John’s reaction to the simple appliances in the apartment really made laugh.  “They took us around the apartment, flipping light switches to demonstrate how to turn on lamps, opening the oven and twisting knobs to show us how to cook without fire, and taking us into the bathroom to twist the knobs in the shower.  Water from overhead- delightful!”  (191). The sad thing is that millions of people have never seen technology. We, as Americans, live in a free country and have so many privileges are very blessed.  We have strong homes and unlimited information and I am blessed with such great living conditions.

Research Reflections Blog Posts 1

Posted in Uncategorized on October 14, 2010 by J.C. Maran 7

Well surprisingly, when I went to go try and search my topic on Galileo it gave me the response, “No Search Results Found.”  This confused me greatly because it is supposedly a major research database.  I was greatly unsatisfied because I found nothing after trying to re word my search twice then found reputable sources off Google.com.

During my research, I found a page on my topic.  I did as the modejules suggested, searching the author’s name, and it came back as a well-respected news journalist that used many other seemingly reputable web sources.  Then I used Evernote to save the page (hoping that it will work for once with me) and kept searching.

I personally think that we are given too much time in class to research our topic.  I am used to classes that give such a small amount of time to get our work done.  Therefore, I honestly have extra time during the class which I either read or finish other class work which I love.  I believe that it might just be my topic’s popularity that makes the research so easy to complete but I appreciate it.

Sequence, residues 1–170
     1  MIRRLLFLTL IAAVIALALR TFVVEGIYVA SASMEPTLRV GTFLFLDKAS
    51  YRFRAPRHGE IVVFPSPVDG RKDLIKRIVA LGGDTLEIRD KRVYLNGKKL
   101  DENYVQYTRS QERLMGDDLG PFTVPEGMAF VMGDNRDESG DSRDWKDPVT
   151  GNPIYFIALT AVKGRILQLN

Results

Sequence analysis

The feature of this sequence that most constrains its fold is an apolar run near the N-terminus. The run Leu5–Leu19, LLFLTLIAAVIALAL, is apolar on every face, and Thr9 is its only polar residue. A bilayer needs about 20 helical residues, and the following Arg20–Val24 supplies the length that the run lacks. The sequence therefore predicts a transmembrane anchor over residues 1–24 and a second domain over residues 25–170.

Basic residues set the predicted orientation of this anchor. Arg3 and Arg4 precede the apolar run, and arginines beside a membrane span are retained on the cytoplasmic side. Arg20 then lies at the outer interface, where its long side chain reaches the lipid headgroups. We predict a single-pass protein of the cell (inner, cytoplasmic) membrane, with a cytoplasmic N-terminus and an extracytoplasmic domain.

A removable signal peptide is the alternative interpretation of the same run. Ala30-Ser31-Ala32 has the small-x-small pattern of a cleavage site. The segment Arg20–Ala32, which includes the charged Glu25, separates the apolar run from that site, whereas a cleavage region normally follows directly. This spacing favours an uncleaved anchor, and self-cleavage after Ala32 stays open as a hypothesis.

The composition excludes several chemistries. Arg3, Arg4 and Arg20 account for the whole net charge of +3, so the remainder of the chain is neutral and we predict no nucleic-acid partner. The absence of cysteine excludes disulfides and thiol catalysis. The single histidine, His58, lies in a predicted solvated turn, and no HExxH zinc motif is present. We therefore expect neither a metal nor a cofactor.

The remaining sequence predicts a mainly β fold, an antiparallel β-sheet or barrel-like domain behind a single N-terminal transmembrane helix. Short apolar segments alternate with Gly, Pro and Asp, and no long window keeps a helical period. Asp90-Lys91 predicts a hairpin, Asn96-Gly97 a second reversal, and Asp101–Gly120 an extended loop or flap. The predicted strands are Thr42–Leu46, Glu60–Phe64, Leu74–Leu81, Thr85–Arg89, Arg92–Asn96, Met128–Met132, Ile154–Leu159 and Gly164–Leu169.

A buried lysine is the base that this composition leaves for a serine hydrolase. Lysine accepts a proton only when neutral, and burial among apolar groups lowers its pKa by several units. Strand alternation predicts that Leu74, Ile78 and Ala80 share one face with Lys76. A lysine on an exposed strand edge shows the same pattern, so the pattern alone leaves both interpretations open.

God Grew Tired Of Us Response 2

Posted in Uncategorized on October 7, 2010 by J.C. Maran 7

 

  The struggles faced at the beginning of my readings of our section shocked me. I feel lucky to live in a country that has so much to offer and doesn’t let people live in such terrible circumstances. Yet I can relate to that when I was younger I got lost on a camping trip for two days near a small stream and such… I had food where as the boys didn’t until they came across the swamp. I was relieved when they left.

  I thought that when the boys came across the UN camp that there would be a turn for the worse. Usually you hear of violence in the camps but it seemed to be rather calm in the camp. Often you hear of how the camps there are riots and people try to kill the people who help them. The boys seems so grateful and welcoming to the offered necessities.

  When the boys were learning to read, write and etc… They were very confused at first due to their age and mind development. It is a problem with the brain that the older it grows that the slower it retains knowledge. The boys by the end of their lessons will have to try much harder than us (in America). The fact is common in Africa that students learn at a much slower rate and retail less.

God Grew Tired of us Response 1

Posted in Uncategorized on October 4, 2010 by J.C. Maran 7

In my reading I found great topics that I wish to talk about. There is the matter of the diet mentioned in the book, the build of the people  and the sexism I discovered.

I believe that in this book the diet of the people is very different from American’s diet. One of the major differences I noticed was that they seem to refuse to eat the meat of the cow where as they will drink the milk. I think that is these people were such  major cow herders that at some point they must have eaten the meat of the animal. It is different in America because we often will try to eat any animal that we find pleasing even if some are illegal people will break the laws of the land just to eat it.

In the book it details the people in the tribe as tall and well built people. It also mentions that they were hardworking wrestlers. Yet in one of the photos shown in the book it said that one man was one of their tribe’s best wrestlers but it showed him being a man who was as skinny as all get out.. I did not understand how their wrestlers were so small in stature which is the opposite to American wrestlers.

The last topic I wish to mention is the sexism expressed via the book  in their civilization. It mentions that if a man is murdered that killer must give about 100 cattle to the wife or husband but if it is a woman killed the killer must give about half as much. It is also a sexist society in that a man can have multiple wives and that they can around 16 children. In a quote the book says “Then the men choose a woman to accompany them.” This is spoken in terms that a man would choose a woman to take with them on the cattle herding as if they had to choice.